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Health Canada approves updated Moderna COVID-19 vaccine

By Evan Taylor Sep 12, 2023 | 2:04 PM

Canada’s chief public health officer, Dr. Theresa Tam provided an update on Health Canada's latest vaccine recommendations on Tuesday. Photo: CPAC.

Health Canada has given its approval to Moderna’s updated COVID-19 vaccine, making it available to Nova Scotians aged six months and older. This announcement comes after a two-month review period following Moderna’s submission of the revised vaccine. The new formulation is an mRNA-based shot designed specifically to target the Omicron XBB.1.5 subvariant, aligning it more closely with the virus strains currently in circulation.

Dr. Supriya Sharma, Health Canada’s chief medical advisor, emphasized the importance of vaccination as a means to protect against severe outcomes. Regardless of their prior COVID vaccination history, Canadians aged five and up are recommended to receive one dose. For children between six months and four years old who haven’t received a prior COVID vaccine, two doses are recommended, while those with at least one prior dose should receive a single booster.

It’s noteworthy that federal authorities are refraining from labeling these shots as boosters. Instead, they liken them to annual flu shots, emphasizing that the COVID situation is not yet stable. The goal is to establish a more routine schedule for updated vaccines, similar to the way flu shots are administered.

In determining the best time to receive another COVID shot, Health Canada advises waiting for six months after the last dose. While protection against infection may diminish over time, experts assure that protection against severe illness remains effective for a longer duration.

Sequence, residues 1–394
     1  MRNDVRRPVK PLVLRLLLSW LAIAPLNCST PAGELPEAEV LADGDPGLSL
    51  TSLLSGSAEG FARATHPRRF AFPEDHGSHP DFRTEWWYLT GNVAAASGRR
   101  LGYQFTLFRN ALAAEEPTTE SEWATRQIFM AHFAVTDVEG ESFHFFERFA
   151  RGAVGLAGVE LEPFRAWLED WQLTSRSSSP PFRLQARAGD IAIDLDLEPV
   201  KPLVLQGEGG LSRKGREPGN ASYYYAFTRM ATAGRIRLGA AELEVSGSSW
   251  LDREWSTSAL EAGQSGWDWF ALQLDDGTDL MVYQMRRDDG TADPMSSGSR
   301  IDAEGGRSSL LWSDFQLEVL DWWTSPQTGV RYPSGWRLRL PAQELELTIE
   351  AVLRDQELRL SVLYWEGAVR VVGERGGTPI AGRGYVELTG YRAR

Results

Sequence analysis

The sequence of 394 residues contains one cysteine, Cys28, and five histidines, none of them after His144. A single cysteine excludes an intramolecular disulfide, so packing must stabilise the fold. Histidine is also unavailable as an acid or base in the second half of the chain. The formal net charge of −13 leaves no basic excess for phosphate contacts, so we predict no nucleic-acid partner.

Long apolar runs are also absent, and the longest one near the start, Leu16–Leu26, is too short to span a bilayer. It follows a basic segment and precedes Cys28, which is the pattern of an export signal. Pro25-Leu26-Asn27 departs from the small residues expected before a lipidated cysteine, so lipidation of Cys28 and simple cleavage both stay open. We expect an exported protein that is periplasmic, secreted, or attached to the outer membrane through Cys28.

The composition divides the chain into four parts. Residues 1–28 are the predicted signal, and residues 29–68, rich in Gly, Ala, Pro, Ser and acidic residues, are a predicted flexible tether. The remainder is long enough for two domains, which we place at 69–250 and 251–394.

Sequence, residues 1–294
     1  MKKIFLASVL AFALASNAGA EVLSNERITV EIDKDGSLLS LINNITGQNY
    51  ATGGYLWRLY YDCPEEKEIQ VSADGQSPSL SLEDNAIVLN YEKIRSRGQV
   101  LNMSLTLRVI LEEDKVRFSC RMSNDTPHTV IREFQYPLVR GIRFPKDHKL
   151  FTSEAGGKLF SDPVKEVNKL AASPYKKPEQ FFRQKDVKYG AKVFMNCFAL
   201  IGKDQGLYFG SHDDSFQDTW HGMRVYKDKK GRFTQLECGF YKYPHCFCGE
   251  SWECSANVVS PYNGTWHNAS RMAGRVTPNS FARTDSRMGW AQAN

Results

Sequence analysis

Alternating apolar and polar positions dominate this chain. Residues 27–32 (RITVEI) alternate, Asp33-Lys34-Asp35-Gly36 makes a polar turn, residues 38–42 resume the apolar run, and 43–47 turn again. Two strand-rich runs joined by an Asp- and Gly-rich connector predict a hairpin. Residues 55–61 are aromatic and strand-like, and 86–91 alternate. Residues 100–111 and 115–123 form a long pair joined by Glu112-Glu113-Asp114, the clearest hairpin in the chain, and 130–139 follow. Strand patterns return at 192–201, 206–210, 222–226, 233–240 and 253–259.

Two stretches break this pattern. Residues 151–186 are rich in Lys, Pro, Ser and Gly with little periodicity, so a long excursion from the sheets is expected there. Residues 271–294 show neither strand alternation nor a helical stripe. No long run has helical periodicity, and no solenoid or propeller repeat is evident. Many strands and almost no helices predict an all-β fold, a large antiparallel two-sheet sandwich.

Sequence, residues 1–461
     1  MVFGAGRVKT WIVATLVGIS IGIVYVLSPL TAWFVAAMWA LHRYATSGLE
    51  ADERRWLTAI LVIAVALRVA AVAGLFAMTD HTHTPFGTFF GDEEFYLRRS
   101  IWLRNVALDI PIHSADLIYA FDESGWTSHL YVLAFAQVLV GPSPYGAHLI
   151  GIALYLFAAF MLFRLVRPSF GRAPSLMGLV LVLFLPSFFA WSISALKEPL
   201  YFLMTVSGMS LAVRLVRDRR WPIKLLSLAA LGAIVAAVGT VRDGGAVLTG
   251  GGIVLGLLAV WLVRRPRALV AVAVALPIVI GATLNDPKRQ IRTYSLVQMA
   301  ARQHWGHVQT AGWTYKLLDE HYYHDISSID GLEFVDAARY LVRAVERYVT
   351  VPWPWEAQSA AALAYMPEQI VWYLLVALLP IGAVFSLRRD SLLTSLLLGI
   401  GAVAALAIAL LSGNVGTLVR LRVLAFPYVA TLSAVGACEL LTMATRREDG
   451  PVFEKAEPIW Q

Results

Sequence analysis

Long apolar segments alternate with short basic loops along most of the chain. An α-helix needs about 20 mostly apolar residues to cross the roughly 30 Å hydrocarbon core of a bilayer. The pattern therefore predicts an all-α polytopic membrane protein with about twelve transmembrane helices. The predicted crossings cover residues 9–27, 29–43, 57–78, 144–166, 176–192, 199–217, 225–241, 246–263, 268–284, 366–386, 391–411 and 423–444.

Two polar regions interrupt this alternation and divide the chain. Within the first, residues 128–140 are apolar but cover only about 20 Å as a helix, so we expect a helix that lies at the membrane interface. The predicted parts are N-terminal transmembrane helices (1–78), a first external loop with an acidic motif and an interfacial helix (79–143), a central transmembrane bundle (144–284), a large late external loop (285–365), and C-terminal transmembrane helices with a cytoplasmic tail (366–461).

Canada’s national vaccine advisory body has reaffirmed the importance of vaccination, especially for individuals at a heightened risk of severe disease. This group includes seniors aged 65 and older, residents of congregate living settings like long-term care facilities, pregnant individuals, and those with underlying medical conditions. Additionally, essential workers and members of racialized, First Nations, Métis, and Inuit communities are encouraged to get vaccinated.

Health Canada is currently reviewing submissions from other drugmakers, such as Pfizer-BioNTech’s Omicron XBB.1.5 vaccine for Canadians aged six months and older, and Novavax’s shot for those aged 12 and up. Canada’s Chief Public Health Officer, Dr. Theresa Tam, assures that the country will have sufficient supply to support nationwide immunization programs.

Dr. Lynora Saxinger, an infectious diseases specialist at the University of Alberta, stressed the importance of these updated vaccines, even in the face of “booster fatigue.” These new vaccines effectively cover most critical mutations seen in recent variants. Preliminary clinical data suggests that the XBB.1.5 vaccine provides a promising immune response against various Omicron sublineages, with no indications of increased disease severity.

As COVID cases rise heading into the fall, with over 2,000 hospitalizations nationwide in early September, healthcare professionals are hopeful that a fall booster campaign can help curb virus transmission during the upcoming respiratory virus season. Combining a flu shot with a COVID vaccine is considered safe and practical.

Dr. Tam emphasizes the need for preparedness in the face of potential simultaneous surges of various respiratory viruses, including influenza and RSV, in the coming fall and winter.